The first step in preventing child abuse is defining it.
Abuse is when something or someone is being mistreated, misused, disrespected, harmed, or hurt. According to the 2010 U.S. Department of Health and Human Services Child Maltreatment Report, in 2010, an estimated 695,000 children in the United States were abused. Parents are the perpetrators in 81% of child abuse cases. 57% of child abuse victims are 7 years old or younger.
The first of the four horsemen of abuse is neglect. Neglect accounts for 78% of child abuse. Neglect is when basic needs are not met. Basic needs are food, shelter, clothing, age appropriate care, love, and education. We typically picture neglect as a skeleton child who sleeps on the streets, but most neglect isn’t that severe. For example, if a parent feeds and clothes an infant adequately, but keeps the infant strapped in a car seat for much of the day on a daily basis, this is neglect. As the infant’s head rests hours upon hours in the same position on the car seat, eventually the back of the infant’s soft head will flatten. It is also likely that the child will have severe diaper rash from being changed infrequently. If this confinement becomes a long-term daily pattern, the child will become developmentally delayed, both physically and emotionally, from a lack of stimulation (being held, playing, wiggling, etc.). Seventy-eight percent may seem high, but when we consider that much of neglect is a direct result of parental substance abuse, this number is right on track. Substance abuse is a huge problem and naturally, some addicts have children. Drugs and alcohol greatly impair a parent’s ability to care for his or her child appropriately. Another form of neglect that falls under a slightly different category is medical neglect. Approximately 2% of child abuse is medical neglect. This is when a caregiver fails to provide adequate health care to a child, although they are financially able.
The second horseman is physical abuse. 18% of child abuse is physical abuse. Any physical contact that causes major bodily harm (such as bruises, welts, internal or external bleeding, or broken bones) is physical abuse. This includes the shaking of infants. The use of objects (like belts, spoons, or whips) to strike a child is also physical abuse. That being said, a normal spanking (using just a hand) is not physical abuse. Normal spankings do not leave any marks on the body, and usually do not cause pain for more than a few seconds. On a related note, in some states it is child maltreatment for a child witness domestic violence.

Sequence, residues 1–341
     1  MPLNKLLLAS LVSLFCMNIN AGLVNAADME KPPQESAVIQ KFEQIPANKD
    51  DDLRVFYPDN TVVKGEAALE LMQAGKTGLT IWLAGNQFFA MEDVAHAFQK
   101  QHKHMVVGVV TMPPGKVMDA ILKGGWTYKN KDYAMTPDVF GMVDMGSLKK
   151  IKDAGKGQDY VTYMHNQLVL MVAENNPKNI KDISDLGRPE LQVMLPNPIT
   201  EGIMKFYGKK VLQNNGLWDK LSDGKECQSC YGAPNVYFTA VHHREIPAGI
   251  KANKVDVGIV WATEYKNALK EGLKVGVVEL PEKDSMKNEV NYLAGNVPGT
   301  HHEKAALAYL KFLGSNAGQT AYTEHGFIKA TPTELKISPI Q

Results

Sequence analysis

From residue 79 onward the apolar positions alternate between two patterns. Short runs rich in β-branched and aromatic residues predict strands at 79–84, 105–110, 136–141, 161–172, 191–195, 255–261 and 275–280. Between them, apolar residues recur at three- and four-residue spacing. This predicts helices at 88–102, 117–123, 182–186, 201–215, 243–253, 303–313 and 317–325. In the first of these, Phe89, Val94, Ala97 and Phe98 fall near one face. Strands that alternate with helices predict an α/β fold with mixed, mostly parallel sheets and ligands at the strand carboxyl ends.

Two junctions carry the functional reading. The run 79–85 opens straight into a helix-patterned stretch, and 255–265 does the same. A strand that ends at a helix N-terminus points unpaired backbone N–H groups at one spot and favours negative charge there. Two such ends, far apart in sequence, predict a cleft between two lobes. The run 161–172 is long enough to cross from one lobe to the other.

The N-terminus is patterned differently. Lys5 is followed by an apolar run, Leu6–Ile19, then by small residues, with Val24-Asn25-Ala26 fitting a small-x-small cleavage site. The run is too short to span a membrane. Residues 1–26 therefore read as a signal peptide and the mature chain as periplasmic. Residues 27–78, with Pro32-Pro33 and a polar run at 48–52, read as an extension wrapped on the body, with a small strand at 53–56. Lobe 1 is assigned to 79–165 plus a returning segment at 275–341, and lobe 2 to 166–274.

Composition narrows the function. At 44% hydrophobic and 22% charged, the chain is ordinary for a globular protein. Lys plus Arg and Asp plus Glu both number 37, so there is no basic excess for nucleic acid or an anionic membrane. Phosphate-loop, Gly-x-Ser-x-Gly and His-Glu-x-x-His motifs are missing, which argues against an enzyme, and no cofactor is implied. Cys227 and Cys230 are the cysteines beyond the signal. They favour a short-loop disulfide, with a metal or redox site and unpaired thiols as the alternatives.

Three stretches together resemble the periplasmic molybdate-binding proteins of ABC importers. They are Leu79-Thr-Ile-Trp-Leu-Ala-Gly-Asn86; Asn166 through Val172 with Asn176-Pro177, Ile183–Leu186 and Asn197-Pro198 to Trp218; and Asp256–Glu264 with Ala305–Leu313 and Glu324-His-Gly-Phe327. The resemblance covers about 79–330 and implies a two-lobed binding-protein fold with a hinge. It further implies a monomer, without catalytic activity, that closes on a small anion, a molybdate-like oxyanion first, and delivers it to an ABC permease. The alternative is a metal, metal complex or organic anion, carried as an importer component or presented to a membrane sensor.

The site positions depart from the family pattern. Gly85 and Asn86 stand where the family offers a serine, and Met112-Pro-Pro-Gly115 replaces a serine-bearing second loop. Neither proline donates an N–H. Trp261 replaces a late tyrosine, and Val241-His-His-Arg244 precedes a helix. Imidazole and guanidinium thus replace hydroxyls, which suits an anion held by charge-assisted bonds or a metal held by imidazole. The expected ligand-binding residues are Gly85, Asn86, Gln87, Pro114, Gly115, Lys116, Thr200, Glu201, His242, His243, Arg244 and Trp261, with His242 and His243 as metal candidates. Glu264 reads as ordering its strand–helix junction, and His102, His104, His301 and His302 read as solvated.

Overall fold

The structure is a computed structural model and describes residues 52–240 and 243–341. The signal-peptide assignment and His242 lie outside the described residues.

The third, and perhaps most disgusting type of abuse is sexual abuse. Around 9% of abuse is sexual abuse. Sexual abuse is forced or tricked touch of private body parts–whether it is the child’s private body parts or the perpetrator’s private body parts. Sexual abuse can also happen without touch. If a child is forced or tricked into showing another person his or her private body parts, this is sexual abuse. It is also sexual abuse when a child is forced or tricked to look at another person’s private body parts or at pornographic material. It is a common misconception that sexual abuse is normally something done by a complete stranger, but this is false. 90% of sexual abuse victims know their perpetrator.
The final horseman of child abuse is emotional abuse. Emotional abuse (also known as verbal or mental abuse) is the manipulation of a child through words or actions. It can also be “excessive demands on a child’s performance” (2010 Child Maltreatment Report). 8% of child abuse is emotional. I believe emotional abuse is very under-reported, considering that some degree of emotional distress occurs in every type of child abuse. In light of physical abuse, sexual abuse, or neglect, I think emotional abuse sometimes gets shrugged away. It doesn’t seem as dangerous as the other types of abuse, so it gets ignored. Emotional abuse has it’s own unique dangers, but they aren’t as visible. Emotionally abused children can become very reluctant to trust others, which can have a negative impact on relationships with family, peers, etc. It can also have an effect on the child’s self-perception. If a child is told he is ugly, useless, and stupid, eventually he might start believing he is all those things. And if a child believes he’s ugly, useless, and stupid, eventually he might act in these ways. It’s important to mention that discipline, when carried out appropriately (in the spirit of loving correction), is not emotional abuse. I’ll explain this further in another post, so stay tuned for that.
Another 10% of child abuse doesn’t quite fall under any of the four major types of abuse. This includes, but is definitely not limited to, abandonment, threats of harm, or congenital drug addiction (when a pregnant mother uses drugs).
Regardless of how child abuse happens, it is wrong.
Child abuse must be stopped!
(all of my stats come from the 2010 Child Maltreatment Report)